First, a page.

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Album Review
Liquid Love

Liquid Love
by Shy Child

Label
Liberation
Rating

Review Date
2nd March 2010
Reviewed by
Gareth Meade

Liquid Love is Shy Child’s fourth album, something you’re only likely to know if you’ve been paying close attention. More likely people will have become aware of duo Pete Cafarella and Nate Smith via 2007’s Noise Won’t Stop, a genre-obscuring attack of drums, keytar and yelping. And if that is the case, their 2010 follow-up may come as quite a surprise.

While we’re not talking about a group doing a complete 180 (there is no jazz on this album for example), the rough and ready approach of Noise Won’t Stop that enamoured the band to the NME set, is largely absent. Instead we are firmly ensconced in the 1980’s, right down to the hallucinatory affect of seeing credits rolling on Teen Wolf or Risky Business. This is music steeped in ironic (or is that cheesy?) nostalgia, such as the Fleetwood Mac sample that kicks off the opening title track.

All of that might make you consider that Passion Pit, Empire of the Sun and Hercules and Love Affair were doing this same thing two years ago at the most. And it’s true, Liquid Love is somewhat anachronistic, but when fourth track Criss Cross encapsulates your senses with its New Order hand claps, Hot Chip synth stabs and DFA scope you probably won’t care anymore. It’s the standout track and probably the least radio ready (it comes in at an epic seven minutes), which isn’t to diminish the impact of the rest of the material, but does highlight the albums strength and simultaneously its downfall.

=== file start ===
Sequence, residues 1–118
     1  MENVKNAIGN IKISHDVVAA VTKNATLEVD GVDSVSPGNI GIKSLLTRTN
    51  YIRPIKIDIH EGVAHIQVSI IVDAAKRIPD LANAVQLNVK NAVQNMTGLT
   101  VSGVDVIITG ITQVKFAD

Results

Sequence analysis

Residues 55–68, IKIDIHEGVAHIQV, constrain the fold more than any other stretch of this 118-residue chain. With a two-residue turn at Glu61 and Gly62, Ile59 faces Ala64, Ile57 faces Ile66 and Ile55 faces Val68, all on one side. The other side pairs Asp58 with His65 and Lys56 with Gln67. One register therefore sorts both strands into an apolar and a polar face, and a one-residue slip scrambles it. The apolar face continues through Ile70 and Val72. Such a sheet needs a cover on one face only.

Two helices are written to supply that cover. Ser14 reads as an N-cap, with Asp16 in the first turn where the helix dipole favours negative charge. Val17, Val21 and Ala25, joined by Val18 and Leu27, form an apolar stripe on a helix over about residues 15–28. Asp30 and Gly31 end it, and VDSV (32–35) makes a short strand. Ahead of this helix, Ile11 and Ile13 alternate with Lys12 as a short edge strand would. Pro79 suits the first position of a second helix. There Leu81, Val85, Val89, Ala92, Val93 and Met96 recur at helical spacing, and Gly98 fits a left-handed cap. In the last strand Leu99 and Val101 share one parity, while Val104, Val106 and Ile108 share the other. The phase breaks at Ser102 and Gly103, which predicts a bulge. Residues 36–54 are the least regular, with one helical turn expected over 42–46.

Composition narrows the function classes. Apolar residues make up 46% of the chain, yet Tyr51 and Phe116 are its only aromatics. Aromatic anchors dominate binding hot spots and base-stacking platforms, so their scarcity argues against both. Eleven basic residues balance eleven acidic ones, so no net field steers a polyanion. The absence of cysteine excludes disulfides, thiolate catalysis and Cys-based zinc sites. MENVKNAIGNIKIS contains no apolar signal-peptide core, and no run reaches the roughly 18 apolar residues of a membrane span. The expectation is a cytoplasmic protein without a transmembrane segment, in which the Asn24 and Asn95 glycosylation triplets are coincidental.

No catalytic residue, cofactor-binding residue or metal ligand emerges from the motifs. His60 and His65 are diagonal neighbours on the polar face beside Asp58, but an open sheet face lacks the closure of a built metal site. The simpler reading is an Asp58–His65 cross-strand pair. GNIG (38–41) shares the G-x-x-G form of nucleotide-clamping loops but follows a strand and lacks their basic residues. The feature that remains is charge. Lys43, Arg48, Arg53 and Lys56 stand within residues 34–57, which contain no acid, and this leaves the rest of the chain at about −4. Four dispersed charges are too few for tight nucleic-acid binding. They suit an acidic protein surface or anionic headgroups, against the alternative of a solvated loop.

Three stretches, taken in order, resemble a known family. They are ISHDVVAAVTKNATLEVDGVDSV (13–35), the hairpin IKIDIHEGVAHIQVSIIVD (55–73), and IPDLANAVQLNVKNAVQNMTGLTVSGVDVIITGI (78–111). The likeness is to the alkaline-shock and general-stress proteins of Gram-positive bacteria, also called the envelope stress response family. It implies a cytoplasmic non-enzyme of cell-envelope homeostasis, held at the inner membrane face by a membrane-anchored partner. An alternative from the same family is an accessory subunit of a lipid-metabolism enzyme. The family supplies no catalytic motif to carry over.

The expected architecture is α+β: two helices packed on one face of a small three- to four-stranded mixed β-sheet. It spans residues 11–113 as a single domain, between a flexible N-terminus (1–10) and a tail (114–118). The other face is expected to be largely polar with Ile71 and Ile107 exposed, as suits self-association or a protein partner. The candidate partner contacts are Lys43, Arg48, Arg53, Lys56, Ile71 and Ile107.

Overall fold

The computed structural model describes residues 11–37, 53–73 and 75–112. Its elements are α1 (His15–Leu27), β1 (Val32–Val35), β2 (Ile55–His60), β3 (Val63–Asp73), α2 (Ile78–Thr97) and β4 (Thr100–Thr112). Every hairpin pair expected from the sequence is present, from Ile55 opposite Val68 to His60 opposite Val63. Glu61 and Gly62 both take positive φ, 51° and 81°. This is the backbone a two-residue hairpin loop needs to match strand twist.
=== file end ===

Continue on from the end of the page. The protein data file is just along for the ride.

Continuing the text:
Everything about Liquid Love radiates polish. Songs like The Beatles, Take Us Apart and Depth of Feel are so sanitised that it’s hard to imagine them as anything but nameless and faceless bits of music that appear between stations as you scan from one to the next on your car stereo. Cafarella also has a tendency to come across as a less enigmatic (which really is saying something) Jake Shears from the Scissor Sisters.

As damning as that sounds, none of it should put you off if you cried tears of joy when you heard Spandau Ballet were reforming. Liquid Love is an ecstatic synth-pop album and never really tries to be anything more. And in that, despite its tendency towards neatness, it succeeds. Shy Child are most certainly playing it safe here, considering the edge that Noise Won’t Stop had, but they are having an enviable amount of fun doing it.




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